On the Religious Establishment of England. * THE majority of the people of from infancy to manhood. Even

1 England, far from thinking a re. . when our youth, leaving schools and ligious national establishment unlaw. univerfities, enter that most important ful, hardly think it lawful to be with. period of life which begins to link out one. In France you are wholly experience and study togetler, and miltaken if you do not believe us a- when with that view they visit other bove all other things attached to it, countries, initead of old domeftics and beyond all other nations; and whom we have feen as governors to when this people has acted unwisely principal men from other parts, threeand unjustifiably in its favour (as in fourths of those who go abroad with fome instances they have done most our young nobility and gentlemen are certainly) in their very errors you will ecclefiaftics; not as austere mafters, at least discover their zeal. i nor as mere followers ; but as friends

This priociple rups through the and companions of a graver character, whole system of their polity. They and not seldom persons as well born do not consider their church establish as themselves. With them, as relament as convenient, but as essential tions, they most commonly keep up à to their state ; not as a thing hetero- close connexion through life. By geneous and separable ; something ad- this connexion we' conceive that we ded for accommodation ; what they attach our gentlemen to the church may either keep up or lay aside, ac- and we liberalize the church by an cording to their temporary ideas of intercourse with the leading characters convenience. They consider it as the of the country. foundation of their whole conftitution,' So tenacious are we of the old ecwith which, and with every part of clesiastical modes and fashions of inwhich, it hold's an indissoluble union. Ritution, that very little alteration has Church and state are ideas inseparable been made in them since the fourin their minds, and scarcely is the one teenth or fifteenth century; adhering ever mentioned without mentioning in this particular, as in all things elle, the other.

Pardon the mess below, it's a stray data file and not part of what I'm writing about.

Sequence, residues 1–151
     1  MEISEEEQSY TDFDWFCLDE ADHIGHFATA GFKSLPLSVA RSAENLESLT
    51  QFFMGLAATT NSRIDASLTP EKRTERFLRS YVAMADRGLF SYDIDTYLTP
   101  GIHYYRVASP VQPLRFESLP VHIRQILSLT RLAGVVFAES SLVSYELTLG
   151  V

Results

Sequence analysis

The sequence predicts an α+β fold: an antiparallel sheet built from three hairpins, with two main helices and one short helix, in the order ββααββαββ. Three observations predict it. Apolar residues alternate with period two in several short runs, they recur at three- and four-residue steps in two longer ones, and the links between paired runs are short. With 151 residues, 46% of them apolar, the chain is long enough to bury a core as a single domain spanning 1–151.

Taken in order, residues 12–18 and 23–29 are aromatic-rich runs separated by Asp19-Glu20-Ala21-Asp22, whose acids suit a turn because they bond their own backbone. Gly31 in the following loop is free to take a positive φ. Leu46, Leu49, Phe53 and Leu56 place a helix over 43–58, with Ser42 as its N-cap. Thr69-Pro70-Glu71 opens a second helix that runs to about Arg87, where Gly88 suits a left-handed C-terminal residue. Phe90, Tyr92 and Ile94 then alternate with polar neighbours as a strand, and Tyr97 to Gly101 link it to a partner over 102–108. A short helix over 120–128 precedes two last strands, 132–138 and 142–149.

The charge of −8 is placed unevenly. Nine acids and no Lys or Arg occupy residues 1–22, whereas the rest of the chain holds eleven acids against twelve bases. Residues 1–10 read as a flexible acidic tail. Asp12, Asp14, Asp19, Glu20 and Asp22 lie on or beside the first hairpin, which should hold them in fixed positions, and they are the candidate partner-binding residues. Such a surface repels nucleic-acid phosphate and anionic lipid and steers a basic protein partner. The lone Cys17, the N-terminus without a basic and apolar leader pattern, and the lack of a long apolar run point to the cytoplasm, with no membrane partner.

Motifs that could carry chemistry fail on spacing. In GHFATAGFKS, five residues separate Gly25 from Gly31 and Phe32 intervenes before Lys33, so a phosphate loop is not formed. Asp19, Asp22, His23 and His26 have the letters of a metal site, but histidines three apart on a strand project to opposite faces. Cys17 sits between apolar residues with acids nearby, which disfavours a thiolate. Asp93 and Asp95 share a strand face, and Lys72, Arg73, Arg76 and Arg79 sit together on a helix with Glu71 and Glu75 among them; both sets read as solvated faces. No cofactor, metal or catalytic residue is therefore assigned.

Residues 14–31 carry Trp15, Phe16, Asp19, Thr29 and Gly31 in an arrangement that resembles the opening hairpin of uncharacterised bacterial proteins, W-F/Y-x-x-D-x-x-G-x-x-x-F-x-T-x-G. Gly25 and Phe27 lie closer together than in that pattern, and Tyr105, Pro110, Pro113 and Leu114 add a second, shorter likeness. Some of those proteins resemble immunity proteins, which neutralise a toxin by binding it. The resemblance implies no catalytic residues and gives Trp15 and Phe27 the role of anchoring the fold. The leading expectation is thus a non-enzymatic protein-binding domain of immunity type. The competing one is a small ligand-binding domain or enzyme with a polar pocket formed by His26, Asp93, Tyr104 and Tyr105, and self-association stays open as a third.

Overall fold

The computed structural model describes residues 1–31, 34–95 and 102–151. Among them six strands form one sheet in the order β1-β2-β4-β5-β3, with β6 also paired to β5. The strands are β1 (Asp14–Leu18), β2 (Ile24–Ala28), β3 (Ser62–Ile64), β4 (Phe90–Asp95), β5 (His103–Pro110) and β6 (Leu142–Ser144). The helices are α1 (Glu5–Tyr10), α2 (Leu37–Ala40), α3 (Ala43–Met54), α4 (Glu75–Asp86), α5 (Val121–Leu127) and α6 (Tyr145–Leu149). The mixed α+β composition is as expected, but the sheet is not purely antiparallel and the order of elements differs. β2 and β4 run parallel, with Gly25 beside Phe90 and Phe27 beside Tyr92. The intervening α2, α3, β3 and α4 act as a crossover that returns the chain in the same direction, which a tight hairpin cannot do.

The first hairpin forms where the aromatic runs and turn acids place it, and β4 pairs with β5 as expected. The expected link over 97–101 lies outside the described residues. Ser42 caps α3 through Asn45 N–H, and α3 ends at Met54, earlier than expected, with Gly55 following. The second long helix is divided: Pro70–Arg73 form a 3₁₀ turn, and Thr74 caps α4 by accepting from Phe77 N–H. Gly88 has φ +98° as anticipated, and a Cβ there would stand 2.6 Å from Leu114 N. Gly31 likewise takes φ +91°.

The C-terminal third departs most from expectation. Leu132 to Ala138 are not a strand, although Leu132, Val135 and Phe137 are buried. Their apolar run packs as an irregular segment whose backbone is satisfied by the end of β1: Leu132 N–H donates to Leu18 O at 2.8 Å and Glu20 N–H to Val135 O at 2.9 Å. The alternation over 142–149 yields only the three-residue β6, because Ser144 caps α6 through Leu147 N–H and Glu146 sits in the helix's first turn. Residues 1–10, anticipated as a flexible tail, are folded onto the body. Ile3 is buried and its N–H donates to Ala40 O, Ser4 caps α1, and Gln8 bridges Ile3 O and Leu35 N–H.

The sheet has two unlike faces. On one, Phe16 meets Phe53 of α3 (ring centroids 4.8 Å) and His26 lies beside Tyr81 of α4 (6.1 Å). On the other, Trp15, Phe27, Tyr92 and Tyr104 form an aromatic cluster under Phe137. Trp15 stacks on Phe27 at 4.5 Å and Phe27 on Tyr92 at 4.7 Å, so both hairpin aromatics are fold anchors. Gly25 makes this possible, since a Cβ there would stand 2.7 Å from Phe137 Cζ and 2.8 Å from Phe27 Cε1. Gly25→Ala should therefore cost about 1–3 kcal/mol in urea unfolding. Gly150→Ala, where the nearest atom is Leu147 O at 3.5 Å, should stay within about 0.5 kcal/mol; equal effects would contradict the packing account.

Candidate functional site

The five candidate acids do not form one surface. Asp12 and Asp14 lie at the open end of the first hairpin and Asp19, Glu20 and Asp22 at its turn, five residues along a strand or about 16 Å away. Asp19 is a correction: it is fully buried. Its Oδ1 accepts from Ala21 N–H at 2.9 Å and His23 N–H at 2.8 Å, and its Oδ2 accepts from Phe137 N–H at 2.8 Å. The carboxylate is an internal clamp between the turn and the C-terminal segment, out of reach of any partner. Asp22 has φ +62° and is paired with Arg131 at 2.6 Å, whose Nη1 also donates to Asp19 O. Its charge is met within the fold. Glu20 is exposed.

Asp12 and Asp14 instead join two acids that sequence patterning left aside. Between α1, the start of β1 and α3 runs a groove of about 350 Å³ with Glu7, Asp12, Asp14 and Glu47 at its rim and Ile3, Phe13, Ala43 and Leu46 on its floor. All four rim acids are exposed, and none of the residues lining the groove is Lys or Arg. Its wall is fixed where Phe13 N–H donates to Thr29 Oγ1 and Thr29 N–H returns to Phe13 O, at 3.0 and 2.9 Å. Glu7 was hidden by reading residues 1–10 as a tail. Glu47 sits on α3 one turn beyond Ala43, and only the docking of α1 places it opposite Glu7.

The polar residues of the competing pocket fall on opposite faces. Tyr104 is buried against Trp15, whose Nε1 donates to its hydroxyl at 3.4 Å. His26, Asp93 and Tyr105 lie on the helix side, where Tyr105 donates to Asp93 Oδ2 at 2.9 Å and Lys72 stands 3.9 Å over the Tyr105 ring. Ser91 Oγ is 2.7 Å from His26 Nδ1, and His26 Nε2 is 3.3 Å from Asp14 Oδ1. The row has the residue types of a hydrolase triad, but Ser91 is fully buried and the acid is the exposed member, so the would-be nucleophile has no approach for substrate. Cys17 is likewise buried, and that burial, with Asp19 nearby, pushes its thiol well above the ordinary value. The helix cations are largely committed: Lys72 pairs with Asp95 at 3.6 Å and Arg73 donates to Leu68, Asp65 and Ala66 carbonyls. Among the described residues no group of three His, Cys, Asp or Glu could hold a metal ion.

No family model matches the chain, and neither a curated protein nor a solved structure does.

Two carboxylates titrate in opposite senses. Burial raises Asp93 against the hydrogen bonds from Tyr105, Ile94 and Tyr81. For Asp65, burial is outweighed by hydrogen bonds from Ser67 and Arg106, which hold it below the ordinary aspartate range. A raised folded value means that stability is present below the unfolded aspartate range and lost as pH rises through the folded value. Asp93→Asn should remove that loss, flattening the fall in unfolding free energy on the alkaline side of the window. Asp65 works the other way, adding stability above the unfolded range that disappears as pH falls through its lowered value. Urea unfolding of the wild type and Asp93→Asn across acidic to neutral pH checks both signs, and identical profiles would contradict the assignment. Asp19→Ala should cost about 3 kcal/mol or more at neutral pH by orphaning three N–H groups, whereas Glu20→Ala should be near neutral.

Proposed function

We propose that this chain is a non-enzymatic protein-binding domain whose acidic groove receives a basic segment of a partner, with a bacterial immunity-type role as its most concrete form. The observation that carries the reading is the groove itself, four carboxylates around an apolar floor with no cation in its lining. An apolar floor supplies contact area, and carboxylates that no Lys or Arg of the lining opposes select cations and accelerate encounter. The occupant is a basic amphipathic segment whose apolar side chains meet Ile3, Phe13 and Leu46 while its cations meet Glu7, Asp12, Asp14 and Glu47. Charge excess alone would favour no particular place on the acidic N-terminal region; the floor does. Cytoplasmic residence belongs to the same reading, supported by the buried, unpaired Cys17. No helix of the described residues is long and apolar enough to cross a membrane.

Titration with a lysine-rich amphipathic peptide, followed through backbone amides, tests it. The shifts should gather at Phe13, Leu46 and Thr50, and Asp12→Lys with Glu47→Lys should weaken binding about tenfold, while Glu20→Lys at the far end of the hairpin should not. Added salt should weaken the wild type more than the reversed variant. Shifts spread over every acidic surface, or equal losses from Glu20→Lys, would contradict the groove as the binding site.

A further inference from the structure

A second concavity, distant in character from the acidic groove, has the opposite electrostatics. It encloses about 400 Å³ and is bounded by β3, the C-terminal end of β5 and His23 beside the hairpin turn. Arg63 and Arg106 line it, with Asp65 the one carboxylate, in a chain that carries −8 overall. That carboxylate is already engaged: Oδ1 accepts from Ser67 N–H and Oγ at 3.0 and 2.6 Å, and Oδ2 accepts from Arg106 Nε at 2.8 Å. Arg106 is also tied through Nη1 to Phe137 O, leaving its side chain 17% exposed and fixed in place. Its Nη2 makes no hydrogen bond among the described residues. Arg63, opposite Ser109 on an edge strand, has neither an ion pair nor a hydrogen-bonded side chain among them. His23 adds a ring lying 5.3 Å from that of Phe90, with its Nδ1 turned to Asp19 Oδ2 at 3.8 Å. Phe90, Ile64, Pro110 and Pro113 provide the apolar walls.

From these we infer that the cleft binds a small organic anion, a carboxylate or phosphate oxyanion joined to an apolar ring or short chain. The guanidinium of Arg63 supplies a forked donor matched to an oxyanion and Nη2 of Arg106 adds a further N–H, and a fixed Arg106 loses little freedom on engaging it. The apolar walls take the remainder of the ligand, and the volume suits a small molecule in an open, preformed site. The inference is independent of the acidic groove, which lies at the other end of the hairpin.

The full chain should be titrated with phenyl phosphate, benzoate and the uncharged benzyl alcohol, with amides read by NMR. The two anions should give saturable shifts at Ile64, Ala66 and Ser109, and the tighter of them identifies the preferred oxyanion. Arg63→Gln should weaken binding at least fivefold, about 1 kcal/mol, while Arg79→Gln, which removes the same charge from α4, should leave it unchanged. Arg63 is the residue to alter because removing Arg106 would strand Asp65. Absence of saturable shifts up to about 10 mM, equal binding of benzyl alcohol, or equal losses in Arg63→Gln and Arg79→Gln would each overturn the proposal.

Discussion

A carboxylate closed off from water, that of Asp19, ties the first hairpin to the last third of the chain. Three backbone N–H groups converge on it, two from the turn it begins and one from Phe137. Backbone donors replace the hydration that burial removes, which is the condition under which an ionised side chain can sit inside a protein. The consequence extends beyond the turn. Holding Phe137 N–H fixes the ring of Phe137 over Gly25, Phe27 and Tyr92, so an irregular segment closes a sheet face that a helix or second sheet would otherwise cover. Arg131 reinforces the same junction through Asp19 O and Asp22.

to our old settled maxim, never en* Our education is ro formed as to tirely nor at once to depart from anconfirm and fix this impression. Our tiquity. We found these old inftirueducation is in a manner wholly in the tions, on the whole, favourable to mohands of ecclefiaftics, and in all stages rality and discipline; and we though.c From the fame

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they they were fufcept ble of amendment, nobility, independent. without altering, the ground. We From the united considerations of thought that they were cap-bie of re- religion and conftitutional policy, from ceiving and meliorating, and above all their opinion of a duty to make a fure of preserving the ac:eilions or science provision for the consolation of the and literature, as the order of Prori. feeble and the instruction of the ignodence should succeTively produce rant, they have incorporated and iden: them. 'Aod after all, wiih this Go. tified the estace of the church with thic and monkish education (for such the mass of private property, of which it is in the grouod-work) we may the state is got the proprietor, tither put in our claim to as ample and as for use or dominion, but the gaardia: early a share in all the improvements only and the regulator. They have in science, in arts, and in literature, ordained that the proviGon of this estawhich have illuminated and adornei blishment might be as itable as the the modern world, as any other na. earth on which it stands, and thouli tion in Europe ; we think one main not fluctuate with the Euripus of cause of this improvement was our funds and acions. pot despising the patrimony of know. The men of England, the men, I ledge which was left us by our forefa. mean, of light, and leading in Enge thers.